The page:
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OK Removes Hashgacha From Basil in Brooklyn; Restaurant Responds

Yesterday, major kosher certifier, the OK, removed its hashgacha from the long standing kosher restaurant Basil in Crown Heights, Brooklyn.

Here are statements made by both sides and the current situation:

We are sorry to say that the OK removed their brand of kosher certification for a misunderstanding of issues not related to Kashrus. We are working diligently to obtain a new high level certification. In the interim, Basil will continue providing the highest standards of kashrus under the self certification of Menachem Mendel Schneerson son of Harav Sholom Ber Schneerson OBM of Kehilas Bais Schnei-Or, with Mashgichim on premises from open to close. We assure our customers that all products and ingredients used are strictly Kosher, Cholov Yisroel, Pas Yisroel and Bishol Yisroel. We will keep you posted!

  • This essentially means that they are staying open and “self certifying” with Rabbi Schneerson (not ‘the Rebbe’) who has a financial stake in the company, as they search for a new hashgacha.
  • The OK issued a follow up statement on their Facebook page:

Basil NY violated the Kashrus Standards of their contract with OK Kosher.

They were not willing to maintain the standards that are required under the Certification Contract.

Therefore we had no choice but to remove our certification.

  • Basil attempted to clarify here:

Due to a big misunderstanding, the OK abruptly removed their certification because the building’s landlord performed maintenance work outside of Basil on Shabbos. For an odd reason, this was misconstrued as Chilul Shabbos on Basil’s part. To reiterate, none of our Kashrus standards have been compromised in the slightest. Thank you for your continued support.

  • The OK is allowing consumers to call for more info by calling Rabbinic Coordinator Rabbi Weinfeld during business hours (9-5) at 347-515-3232.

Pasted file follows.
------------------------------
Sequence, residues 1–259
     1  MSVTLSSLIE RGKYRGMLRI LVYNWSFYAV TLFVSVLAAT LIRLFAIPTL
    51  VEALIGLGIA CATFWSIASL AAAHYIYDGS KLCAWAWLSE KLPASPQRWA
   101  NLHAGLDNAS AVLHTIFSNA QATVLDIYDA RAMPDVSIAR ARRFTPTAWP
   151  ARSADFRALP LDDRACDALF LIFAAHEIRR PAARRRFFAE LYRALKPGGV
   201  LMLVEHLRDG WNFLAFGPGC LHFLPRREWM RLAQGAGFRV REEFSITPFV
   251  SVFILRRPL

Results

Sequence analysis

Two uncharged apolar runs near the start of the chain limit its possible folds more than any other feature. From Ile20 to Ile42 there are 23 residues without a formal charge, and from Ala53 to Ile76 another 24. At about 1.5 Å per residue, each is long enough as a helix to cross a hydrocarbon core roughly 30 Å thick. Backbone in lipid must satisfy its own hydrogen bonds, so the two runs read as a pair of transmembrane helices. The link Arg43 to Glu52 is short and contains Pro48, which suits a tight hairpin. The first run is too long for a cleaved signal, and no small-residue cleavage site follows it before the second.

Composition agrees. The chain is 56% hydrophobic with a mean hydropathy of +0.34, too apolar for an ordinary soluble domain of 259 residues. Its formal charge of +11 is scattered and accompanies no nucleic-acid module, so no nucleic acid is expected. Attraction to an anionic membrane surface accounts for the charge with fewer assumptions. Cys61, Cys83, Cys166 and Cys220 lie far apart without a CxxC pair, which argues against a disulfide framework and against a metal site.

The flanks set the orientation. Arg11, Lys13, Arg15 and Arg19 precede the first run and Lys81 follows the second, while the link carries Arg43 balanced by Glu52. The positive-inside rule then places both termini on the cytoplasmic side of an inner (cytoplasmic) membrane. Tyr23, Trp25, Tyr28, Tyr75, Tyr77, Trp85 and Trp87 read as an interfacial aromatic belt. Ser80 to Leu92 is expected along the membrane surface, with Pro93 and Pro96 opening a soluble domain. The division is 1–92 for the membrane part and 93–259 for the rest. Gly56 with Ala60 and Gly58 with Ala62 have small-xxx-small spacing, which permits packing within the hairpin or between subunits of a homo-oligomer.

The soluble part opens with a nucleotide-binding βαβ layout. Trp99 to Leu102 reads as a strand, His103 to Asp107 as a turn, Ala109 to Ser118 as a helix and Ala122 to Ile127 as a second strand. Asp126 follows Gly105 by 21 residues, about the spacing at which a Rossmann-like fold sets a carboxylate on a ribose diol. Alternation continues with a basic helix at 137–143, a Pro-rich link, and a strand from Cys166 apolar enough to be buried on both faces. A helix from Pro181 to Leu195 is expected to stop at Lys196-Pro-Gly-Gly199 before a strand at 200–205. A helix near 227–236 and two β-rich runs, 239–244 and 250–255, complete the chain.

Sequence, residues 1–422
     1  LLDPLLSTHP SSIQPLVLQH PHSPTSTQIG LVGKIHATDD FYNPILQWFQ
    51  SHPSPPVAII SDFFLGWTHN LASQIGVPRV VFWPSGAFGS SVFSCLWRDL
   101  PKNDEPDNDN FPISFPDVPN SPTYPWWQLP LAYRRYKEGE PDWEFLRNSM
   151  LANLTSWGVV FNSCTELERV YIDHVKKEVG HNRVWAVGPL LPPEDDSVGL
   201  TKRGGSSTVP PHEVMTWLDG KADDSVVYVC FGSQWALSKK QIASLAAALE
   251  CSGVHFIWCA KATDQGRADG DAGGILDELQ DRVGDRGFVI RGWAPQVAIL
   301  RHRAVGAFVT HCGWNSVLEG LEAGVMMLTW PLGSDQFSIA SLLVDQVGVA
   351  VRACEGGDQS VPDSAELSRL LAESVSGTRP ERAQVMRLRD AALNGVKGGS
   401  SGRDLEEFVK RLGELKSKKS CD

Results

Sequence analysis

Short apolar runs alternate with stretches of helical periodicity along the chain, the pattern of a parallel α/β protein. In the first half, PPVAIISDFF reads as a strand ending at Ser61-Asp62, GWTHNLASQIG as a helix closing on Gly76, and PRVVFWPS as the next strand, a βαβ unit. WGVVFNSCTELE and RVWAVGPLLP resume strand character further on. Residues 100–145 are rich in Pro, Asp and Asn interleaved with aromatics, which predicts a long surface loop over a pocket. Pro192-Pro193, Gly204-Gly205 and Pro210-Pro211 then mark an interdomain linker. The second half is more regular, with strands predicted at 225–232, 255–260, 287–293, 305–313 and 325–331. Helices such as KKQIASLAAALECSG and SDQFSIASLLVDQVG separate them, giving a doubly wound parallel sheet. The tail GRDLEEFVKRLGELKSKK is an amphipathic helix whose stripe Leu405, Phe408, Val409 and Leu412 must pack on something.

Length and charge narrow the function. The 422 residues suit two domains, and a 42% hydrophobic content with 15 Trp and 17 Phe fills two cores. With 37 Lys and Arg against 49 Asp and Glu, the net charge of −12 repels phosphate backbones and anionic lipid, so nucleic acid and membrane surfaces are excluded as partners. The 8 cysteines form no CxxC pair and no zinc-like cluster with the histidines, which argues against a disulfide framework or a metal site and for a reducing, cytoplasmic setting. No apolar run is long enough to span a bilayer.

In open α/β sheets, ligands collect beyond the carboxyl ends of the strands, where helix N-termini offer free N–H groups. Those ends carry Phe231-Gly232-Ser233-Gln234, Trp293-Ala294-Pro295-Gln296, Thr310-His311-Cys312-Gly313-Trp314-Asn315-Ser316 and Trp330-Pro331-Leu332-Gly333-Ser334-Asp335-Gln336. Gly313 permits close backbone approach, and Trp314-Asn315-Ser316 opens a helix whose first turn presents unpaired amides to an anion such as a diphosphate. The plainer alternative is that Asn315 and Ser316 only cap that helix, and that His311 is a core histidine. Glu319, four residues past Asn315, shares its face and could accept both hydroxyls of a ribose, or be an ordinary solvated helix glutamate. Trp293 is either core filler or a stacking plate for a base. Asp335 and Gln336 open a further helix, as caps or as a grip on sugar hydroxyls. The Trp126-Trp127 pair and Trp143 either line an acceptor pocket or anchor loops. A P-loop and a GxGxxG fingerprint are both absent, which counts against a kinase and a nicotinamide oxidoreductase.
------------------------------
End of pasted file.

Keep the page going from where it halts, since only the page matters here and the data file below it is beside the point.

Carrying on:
As with any dispute, there are likely many sides to the story beyond what is being said in public.

For now, the restaurant is remaining open under self-certification and searching for a new kosher certifier. We will keep you posted once that is announced.

About the author

Dani Klein

Dani Klein founded YeahThatsKosher in 2008 as a global kosher restaurant & travel resource for the Jewish community.

He is passionate about traveling the world, good kosher food / restaurants, social media & the web, technology, hiking, strategy games, and spending time with his friends & family.


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  • If indeed it was because the landlord did work on the premises on Shabbos, that doesn’t affect the kashrus (unless there’s a belief that the workers may have brought treyf food in while working). Is this another example of kashrus agencies going too far in trying to control things that aren’t about kashrus?

    • who cares. whatever it is they will get another hashgacha or they will close down.

    • “Is this another example of kashrus agencies going too far in trying to control things that aren’t about kashrus?” That doesn’t sound to smart. The ok is only loosing money by removing the hadgacha so obviously there was an issue.

  • “Self-certifying” – especially by a “mashgiach” who has a financial interest in the company – is enough reason to run – not walk – away from this place. “Self-certification” is as useless as a generic ‘K’ on a food product label. Fortunately, there are plenty of other options in the Crown Heights area.

    • If you know the Rabbi in question, in principle it should be acceptable.

      If you’re visiting a foreign city and are invited by someone for Shabbos, and they tell you they’re shomer Shabbos, do you trust their kashrus without a mashgiach?

      If you go to a Chabad in a foreign city with no other organized Jewish community and eat there, do you trust the Chabad Rabbi’s self-certifying hashgacha? What if this Chabad charges for the meal (rather than hoping you’ll make a donation later), does that make a difference?

      Yes, I recognize that a restaurant owner has a financial interest in having his kashrus accepted and thus there’s an incentive to cheat, but again it depends on whether one can trust that individual. And if they’re “self-certifying” as a temporary bridge while arranging a new hechsher, that doesn’t necessarily mean there’s a problem.

      (I know nothing about this particular case — I’d never hear of Basil before and I don’t live in the NY area. I’m just discussing this in theory.)

      • Running a for-profit business and “self-certifying” same IS NOT the same as eating in a fellow Jew’s home or at a Chabad House, David; these very different scenarios shouldn’t be confused with each other. There’s a story about a rebbe who used to eat at his chosid’s home whenever the former was in the latter’s town; the rebbe loved his chosid’s special dish. The chosid decided to go into business and sell the dish for a profit. The next time the rebbe was in town, before eating the dish that the chosid prepared for him, he asked about the hashgocha, though he had never heretofore inquired about a hashgocha; the rebbe explained that now that the chosid’s in a for-profit business, “self-certifying” is no longer adequate and a reliable hashgocha is required… and without one, the rebbe will no longer consume that chosid’s food.